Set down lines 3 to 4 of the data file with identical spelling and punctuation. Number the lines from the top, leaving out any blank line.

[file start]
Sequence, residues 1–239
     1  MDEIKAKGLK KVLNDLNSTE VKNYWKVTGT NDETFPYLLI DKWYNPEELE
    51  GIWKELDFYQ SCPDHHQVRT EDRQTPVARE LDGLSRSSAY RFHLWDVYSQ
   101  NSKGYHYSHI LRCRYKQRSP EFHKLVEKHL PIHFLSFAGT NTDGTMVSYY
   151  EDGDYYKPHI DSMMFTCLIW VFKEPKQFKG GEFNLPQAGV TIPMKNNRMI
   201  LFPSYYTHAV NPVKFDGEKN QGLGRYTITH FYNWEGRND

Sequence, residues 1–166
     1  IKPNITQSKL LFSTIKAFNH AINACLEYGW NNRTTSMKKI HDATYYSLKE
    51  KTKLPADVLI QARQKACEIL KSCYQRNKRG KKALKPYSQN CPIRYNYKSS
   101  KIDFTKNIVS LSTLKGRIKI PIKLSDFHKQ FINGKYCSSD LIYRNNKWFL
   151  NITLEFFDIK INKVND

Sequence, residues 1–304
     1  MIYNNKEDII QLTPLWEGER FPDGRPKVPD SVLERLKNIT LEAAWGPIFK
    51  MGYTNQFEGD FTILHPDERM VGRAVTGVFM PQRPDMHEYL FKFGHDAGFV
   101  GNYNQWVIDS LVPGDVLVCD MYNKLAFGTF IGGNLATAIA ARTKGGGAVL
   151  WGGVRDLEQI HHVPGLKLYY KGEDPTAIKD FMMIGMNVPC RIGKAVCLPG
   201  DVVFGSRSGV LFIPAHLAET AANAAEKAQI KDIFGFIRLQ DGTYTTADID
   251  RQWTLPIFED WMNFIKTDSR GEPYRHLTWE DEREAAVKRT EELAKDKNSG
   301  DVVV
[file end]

    51  GIWKELDFYQ SCPDHHQVRT EDRQTPVARE LDGLSRSSAY RFHLWDVYSQ
   101  NSKGYHYSHI LRCRYKQRSP EFHKLVEKHL PIHFLSFAGT NTDGTMVSYY